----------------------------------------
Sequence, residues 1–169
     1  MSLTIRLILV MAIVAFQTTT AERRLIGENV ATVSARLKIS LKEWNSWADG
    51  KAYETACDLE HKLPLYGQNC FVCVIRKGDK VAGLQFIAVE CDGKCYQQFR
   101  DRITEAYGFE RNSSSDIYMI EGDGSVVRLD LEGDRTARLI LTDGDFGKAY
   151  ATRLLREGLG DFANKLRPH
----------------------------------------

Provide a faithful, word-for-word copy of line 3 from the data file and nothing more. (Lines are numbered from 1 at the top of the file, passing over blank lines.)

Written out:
    51  KAYETACDLE HKLPLYGQNC FVCVIRKGDK VAGLQFIAVE CDGKCYQQFR